Conversations with our Artists

Kathleen Garness

By Joyce Westner

Originally appeared in The Botanical Artist - Volume 18, Issue 2


Kathleen’s schedule made for a tricky conversation as she was either at work, taking down one of her exhibits, helpingat an orchid show, monitoring native plants, teaching an art class, or when the time seemed right to talk celebrating her birthday! I was exhausted!  “I’ve been fascinated with plants since I was three and saw a little yellow oxalis pushing up through a crack in the sidewalk.  It’s a metaphor for the artistic struggle.”

How did you get into botanical art? Orchids have fascinated me for many years and it was a short step from collecting them to painting them. But when I realized the threats to our native orchids’ habitats I had a focus for a consistent body of work.  After 11 years in the Chicago Botanic Gardens “Plants of Concern” rare plant monitoring program I became a volunteer nature preserve steward, which gave me some great material as inspiration! Right now I am working on a series of all the native orchids of Illinois.

Are you an artist or a plant person at heart? Do I really have to choose?? I don’t see a dichotomy between those. We love plants, so we paint them! Goethe observed, “You really do not see a plant until you draw it.” The art and science of botanical illustration meld when we deeply observe and patiently, accurately, even lovingly, draw the tiniest details, for truth’s sake. In my early 20s I lived near the Palette and Chisel Academy of Fine Arts, knocked on their door and a little white-haired man invited me to observe his class. I eventually became their second woman president.

Where do you get your subjects? I feel blessed to have two tropical greenhouse retailers in our area: Orchids by Hausermann and Oak Hill Gardens (which specializes in unusual species), as well as permits to visit many nature preserves. I have been taught how to walk carefully in pristine sites, and I take lots of photos, work from herbarium specimens at the Field Museum, Morton Arboretum and the Chicago Botanic Garden, and make detailed sketches in my notebooks, especially for color. I try to paint as much in the field as I possibly can.

What is your favorite medium? Watercolor, by far. It’s so versatile! What is interesting is how often people will comment on my work done on colored grounds, even more than my traditional botanicals. When I saw the amazing paintings by Albert R. Valentien at Chicago’s Field Museum, I was surprised by how his work just popped off the page and was so fresh-looking!  I’ve also been doing a lot of digital black and white images of regional plants to be used for field botany training.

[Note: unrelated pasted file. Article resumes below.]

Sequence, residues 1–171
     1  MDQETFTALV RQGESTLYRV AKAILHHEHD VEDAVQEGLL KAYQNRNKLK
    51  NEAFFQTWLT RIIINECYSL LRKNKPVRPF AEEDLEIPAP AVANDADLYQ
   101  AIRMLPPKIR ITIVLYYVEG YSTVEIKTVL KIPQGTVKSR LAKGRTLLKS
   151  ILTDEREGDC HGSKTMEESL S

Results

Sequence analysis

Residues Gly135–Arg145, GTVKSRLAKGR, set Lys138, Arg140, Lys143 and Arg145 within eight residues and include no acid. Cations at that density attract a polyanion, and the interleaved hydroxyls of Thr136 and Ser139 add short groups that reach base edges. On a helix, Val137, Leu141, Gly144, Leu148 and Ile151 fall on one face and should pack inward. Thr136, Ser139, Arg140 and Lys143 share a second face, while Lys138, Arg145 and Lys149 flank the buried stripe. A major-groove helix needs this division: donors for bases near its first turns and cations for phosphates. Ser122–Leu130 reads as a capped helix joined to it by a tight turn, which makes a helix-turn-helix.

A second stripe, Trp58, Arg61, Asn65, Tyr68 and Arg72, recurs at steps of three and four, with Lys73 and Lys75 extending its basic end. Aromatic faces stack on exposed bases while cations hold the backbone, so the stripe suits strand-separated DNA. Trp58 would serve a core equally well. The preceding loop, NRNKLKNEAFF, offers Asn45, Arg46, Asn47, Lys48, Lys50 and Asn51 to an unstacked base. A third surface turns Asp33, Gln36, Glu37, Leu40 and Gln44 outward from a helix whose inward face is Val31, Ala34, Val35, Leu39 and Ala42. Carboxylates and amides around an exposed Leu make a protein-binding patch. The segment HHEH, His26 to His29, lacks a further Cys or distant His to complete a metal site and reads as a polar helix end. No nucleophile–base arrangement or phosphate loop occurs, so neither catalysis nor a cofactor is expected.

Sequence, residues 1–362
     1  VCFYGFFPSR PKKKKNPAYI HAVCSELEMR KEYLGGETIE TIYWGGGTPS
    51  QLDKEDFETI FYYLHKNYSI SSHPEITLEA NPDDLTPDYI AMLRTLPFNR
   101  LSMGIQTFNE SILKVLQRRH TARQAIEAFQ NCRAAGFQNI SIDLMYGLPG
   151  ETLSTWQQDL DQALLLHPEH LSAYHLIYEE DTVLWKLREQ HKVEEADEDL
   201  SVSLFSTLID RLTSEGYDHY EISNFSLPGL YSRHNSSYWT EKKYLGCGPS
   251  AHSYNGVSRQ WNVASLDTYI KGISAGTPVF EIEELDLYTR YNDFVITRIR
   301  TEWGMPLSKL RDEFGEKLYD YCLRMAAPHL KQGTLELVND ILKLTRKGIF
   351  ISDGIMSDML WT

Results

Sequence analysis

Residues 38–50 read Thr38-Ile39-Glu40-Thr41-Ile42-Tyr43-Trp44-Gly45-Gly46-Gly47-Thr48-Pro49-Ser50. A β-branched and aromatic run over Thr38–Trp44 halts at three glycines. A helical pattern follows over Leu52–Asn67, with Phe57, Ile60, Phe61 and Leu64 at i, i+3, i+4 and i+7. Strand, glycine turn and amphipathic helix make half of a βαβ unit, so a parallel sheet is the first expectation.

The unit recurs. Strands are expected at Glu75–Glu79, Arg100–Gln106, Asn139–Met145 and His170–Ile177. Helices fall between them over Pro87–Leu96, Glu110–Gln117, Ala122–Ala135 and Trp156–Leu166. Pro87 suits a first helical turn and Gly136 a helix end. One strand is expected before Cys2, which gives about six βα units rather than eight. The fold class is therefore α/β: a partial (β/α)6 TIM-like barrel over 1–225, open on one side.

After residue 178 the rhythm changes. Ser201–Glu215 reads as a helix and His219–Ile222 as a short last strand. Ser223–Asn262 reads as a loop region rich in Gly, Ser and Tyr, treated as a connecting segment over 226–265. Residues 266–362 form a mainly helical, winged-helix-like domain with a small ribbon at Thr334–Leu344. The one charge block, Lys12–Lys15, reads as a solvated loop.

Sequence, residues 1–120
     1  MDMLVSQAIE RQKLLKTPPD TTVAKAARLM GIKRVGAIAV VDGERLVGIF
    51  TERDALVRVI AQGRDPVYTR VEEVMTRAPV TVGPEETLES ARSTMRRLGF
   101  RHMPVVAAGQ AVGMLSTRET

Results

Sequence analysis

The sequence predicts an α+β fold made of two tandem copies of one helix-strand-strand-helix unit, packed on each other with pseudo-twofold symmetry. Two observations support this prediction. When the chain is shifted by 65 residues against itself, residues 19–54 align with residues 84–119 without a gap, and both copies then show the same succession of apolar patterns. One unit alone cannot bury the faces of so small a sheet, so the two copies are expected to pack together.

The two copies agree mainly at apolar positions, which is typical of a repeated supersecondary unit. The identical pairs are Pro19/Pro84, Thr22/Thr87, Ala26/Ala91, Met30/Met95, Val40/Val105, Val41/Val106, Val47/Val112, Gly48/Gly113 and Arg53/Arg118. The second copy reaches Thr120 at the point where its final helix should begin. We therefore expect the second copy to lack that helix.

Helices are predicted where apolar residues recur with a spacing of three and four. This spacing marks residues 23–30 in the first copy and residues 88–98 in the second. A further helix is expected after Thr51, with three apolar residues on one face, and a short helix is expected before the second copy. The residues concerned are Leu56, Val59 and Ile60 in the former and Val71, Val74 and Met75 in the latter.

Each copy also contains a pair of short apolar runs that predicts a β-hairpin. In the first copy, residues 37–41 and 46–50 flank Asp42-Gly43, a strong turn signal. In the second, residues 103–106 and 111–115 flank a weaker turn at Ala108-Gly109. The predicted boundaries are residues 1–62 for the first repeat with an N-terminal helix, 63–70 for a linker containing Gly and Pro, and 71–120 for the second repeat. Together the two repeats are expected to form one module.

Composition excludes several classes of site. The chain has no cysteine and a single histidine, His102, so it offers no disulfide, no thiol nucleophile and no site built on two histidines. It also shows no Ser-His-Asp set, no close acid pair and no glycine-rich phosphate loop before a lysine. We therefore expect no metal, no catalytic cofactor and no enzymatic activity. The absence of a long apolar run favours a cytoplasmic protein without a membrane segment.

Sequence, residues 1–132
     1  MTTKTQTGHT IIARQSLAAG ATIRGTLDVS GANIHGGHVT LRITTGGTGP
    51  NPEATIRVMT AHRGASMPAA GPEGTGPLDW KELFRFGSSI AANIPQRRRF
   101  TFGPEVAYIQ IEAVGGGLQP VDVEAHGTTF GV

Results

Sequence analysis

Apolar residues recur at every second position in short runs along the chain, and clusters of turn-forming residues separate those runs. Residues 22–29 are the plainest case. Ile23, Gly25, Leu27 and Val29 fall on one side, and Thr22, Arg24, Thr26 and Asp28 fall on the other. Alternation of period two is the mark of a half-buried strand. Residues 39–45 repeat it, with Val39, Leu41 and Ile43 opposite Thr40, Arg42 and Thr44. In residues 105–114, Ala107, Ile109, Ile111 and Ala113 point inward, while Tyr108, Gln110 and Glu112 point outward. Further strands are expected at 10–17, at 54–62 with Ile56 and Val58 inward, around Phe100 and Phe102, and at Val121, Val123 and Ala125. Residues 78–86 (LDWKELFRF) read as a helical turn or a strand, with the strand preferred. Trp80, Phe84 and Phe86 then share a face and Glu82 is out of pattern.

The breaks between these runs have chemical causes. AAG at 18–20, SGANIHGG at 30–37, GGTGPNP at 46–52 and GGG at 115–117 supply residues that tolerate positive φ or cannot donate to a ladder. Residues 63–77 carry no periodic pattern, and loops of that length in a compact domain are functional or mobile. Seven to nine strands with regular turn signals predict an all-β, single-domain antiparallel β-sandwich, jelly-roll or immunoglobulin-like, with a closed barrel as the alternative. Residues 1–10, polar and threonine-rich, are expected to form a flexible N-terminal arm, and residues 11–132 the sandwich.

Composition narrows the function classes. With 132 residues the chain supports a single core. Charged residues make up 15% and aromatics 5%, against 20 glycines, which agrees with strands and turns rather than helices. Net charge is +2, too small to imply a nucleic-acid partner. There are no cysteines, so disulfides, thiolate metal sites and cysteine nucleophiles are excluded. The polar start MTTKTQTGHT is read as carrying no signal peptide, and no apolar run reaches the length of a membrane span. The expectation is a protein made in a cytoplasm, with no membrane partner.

Do you enter juried shows? Yes, my Yellow Lady’s Slipper was accepted into ASBA’s Losing Paradise? and other pieces have been in many non-ASBA exhibits over the years. But the primary focus of my work is natural areas education, as well as documenting our native threatened and endangered species so that people will know they are worth the ongoing investment in their habitat.

When do you paint? In addition to my stewardship and family responsibilities, I work full time [Kathleen started a Montessori preschool when her son was 3], so mostly after dinner a couple of nights a week. I have orchids on my windowsills crying out for their portraits to be done, but there never seems to be a convenient time. Having a show to paint for gives me a push in the right direction! I’m recovering right now from hanging two large concurrent solo exhibits, plus finishing up three new orchid paintings for our Illinois Orchid Society’s 60th Anniversary Gala show.

Where do you paint? In my dining room at a small drawing board. My setup is very simple.

Do you teach, and if so, what special aspect of botanical art? This year Suzanne Wegener at Morton Arboretum asked me to teach a botanical book arts class. I’ve been quite involved for several years with making my own hand-crafted books and recently produced a limited-edition volume of paintings of Illinois’ trilliums, with poems by Illinois Natural History Survey writer Susan L. Post.

What technique are you still trying to master? Watercolor.  Refining and deepening my understanding of color, of glazes, being spontaneous and accurate at the same time.

What one thing do you do that would surprise other artists? I’m given coordinates so I can visit rare and endangered plants using my GPS. I follow the protocol to cover myself in bug spray and then I go out and count the plants, identify any threats to them or their habitat: plants like the prairie white-fringed orchid, stemless pink lady’s slipper or the grass pink orchid. I am asked to speak on our findings. I’m no expert on native orchids but the experts call me for information!

  • Paphiopedilum venustum, painted life size, about two months ago ©Kathleen Garness 2012